Meanwhile Spencer had offered his Okehampton estate to Bedford, only to learn that the duke also intended to sell after the next general election. In April 1789 Bedford’s Member, Lord Malden*, told him that he could no longer act with opposition, just as Spencer’s man, Humphrey Minchin*, had done in 1787. Lady Spencer hoped Bedford would accept Malden’s offer of resignation, as he would then ‘have the settling and proving of the question of the two returning officers entirely at his own cost’; but Bedford, like Spencer before him, resigned himself to the loss of a vote rather than risk a by-election.4 At the following Michaelmas court leet John Hawkes, an attorney connected by marriage with Charles Luxmoore, was chosen as portreeve.

In September 1789 Spencer found a buyer for his estate in Robert Ladbroke, a fellow Whig and wealthy London banker. The sum of £17,000 which Ladbroke agreed to pay did not take account of the 47 electoral freeholds which the estate provided, but as part of the bargain it was arranged that the sale should be kept secret and that Ladbroke should stand at the next general election ostensibly as Spencer’s candidate, enjoying the full support of his interest but taking the expense on himself.5 In December Ladbroke had second thoughts about standing, but was evidently kept to the terms of the agreement by Harrison, who warned him that the sale was already known of in some quarters as a result of careless talk by the Prince of Wales, for whom Ladbroke may have been acting in the purchase. The news does not seem to have reached Okehampton itself, for when in January 1790 Henry Luxmoore asked for the Bedford and Spencer candidates to be sent down, Ladbroke was described to him as Spencer’s nominee, who was to stand on the ‘united interest’ with Bedford’s new candidate John St. Leger, a member of the Prince’s household. Luxmoore’s summons was made in response to the appearance at Okehampton of two wealthy ministerialists, John William Anderson*, a London merchant, and John Townson, an East India Company director, who ‘hung out tempting lures’ and were said to have been well received by the resident voters.6

Bedford and Spencer countered with a rapid series of conveyances of small freeholds on their property, but on 14 June 1790, a week before the election, Spencer told his mother:

I am rather afraid ... Bedford’s interest and mine will be driven out ... in a great measure owing to the dilatoriness of him and his agent, which is hardly to be accounted for on any other ground than that he has a mind to be beat.7

The election precept was delivered to the mayor, Thomas Bridgeman Luxmoore, son of John of Fair Place, who took a poll which gave Ladbroke and St. Leger 167 votes each, Townson 98 and Anderson 97. Hawkes also held a poll, which returned the two ministerialists.

The committee of inquiry appointed on 3 Feb. 1791, when it was alleged that ministers failed to ensure the full attendance which they had promised Anderson, first heard the arguments of counsel on the question of who was the legal returning officer, decided in favour of the mayor and declared Ladbroke and St. Leger duly elected. Counsel for Townson and Anderson then sought to prove the illegality of 72 freehold votes cast for their opponents, to nullify four other votes and to secure the addition to their clients’ poll of four votes rejected by the mayor. All 72 freehold votes, claimed on conveyances made by Spencer (31), Bedford (21) and others were declared bad, but the four other disputed votes were allowed to stand. Two of the rejected votes for Townson and Anderson were admitted, but counsel for the sitting Members secured the invalidation of seven of their opponents’ original votes and the election of Ladbroke and St. Leger was eventually confirmed. Townson received £500 from the secret service fund towards the legal costs, and both the Hawkes family and Charles Luxmoore, who claimed to have spent £13,000 in fighting the Whig peers, sought places from government in reward for their efforts.8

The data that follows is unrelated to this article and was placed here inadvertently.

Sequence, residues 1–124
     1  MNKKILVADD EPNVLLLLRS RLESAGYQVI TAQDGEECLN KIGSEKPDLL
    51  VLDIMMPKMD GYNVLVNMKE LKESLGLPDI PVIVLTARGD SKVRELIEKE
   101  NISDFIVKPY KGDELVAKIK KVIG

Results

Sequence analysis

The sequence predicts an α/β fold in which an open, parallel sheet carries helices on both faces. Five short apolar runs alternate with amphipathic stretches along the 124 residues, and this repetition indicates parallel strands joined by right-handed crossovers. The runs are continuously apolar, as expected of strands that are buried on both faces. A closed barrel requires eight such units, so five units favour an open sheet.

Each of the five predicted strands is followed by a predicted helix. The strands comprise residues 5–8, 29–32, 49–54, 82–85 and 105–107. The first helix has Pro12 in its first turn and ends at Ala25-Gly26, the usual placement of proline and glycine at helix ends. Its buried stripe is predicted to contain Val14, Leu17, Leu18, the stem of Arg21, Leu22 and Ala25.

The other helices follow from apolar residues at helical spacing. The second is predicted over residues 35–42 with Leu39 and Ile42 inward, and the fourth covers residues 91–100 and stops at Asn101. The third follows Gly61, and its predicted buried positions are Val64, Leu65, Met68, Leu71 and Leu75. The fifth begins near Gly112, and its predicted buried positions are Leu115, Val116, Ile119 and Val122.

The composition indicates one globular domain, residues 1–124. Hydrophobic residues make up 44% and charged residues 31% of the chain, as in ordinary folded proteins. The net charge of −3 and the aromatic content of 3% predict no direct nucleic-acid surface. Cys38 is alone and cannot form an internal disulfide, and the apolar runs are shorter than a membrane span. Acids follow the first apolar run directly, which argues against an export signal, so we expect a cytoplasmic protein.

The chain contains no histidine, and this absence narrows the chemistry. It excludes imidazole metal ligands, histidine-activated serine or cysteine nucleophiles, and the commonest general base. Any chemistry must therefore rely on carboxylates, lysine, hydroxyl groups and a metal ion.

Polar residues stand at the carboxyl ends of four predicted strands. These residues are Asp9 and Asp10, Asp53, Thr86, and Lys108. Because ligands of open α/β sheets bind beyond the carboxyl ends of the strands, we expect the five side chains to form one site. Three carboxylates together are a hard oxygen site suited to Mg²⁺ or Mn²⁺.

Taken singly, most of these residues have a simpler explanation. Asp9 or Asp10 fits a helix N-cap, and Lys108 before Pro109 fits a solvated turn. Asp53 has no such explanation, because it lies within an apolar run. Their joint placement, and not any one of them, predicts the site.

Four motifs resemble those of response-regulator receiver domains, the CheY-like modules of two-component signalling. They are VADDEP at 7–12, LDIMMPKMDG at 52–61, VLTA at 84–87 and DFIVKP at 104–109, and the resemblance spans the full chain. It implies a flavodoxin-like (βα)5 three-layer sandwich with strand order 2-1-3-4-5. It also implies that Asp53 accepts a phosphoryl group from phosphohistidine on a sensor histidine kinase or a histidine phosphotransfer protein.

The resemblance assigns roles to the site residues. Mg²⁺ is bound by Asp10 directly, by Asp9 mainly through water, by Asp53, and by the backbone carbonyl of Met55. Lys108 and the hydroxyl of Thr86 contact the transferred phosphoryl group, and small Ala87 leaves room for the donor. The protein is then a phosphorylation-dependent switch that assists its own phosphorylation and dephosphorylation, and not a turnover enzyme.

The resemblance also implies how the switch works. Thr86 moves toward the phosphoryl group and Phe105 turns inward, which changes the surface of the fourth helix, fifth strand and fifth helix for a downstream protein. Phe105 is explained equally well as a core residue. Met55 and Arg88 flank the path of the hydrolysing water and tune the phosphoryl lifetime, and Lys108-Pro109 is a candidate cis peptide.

Both the Okehampton estates changed hands before the next general election. Ladbroke evidently transferred the former Spencer property to the Prince of Wales ‘under a private agreement’, details of which have not been found.9 The Bedford estate was acquired by Richard Bateman Robson, younger brother of Henry Holland, the celebrated architect employed by the Prince, Bedford, Spencer and other leading Whigs. According to a later account by Robson, the Prince, before the general election of 1796

proposed to sell Mr Holland his estate ... recommending it because it joined that I bought of the Duke of Bedford; and both being in one family it would secure to them the return of both Members, as the owners of the two estates had always enjoyed that advantage. Mr Holland declined the purchase but was prevailed upon to lend HRH £6,000 upon mortgage.

In 1796 Robson was returned unopposed with the Prince’s private secretary, Thomas Tyrwhitt, ‘on a joint interest and joint expense’, with Robson taking the whole upon himself and guaranteeing Tyrwhitt ‘for a fixed sum’ of £700.10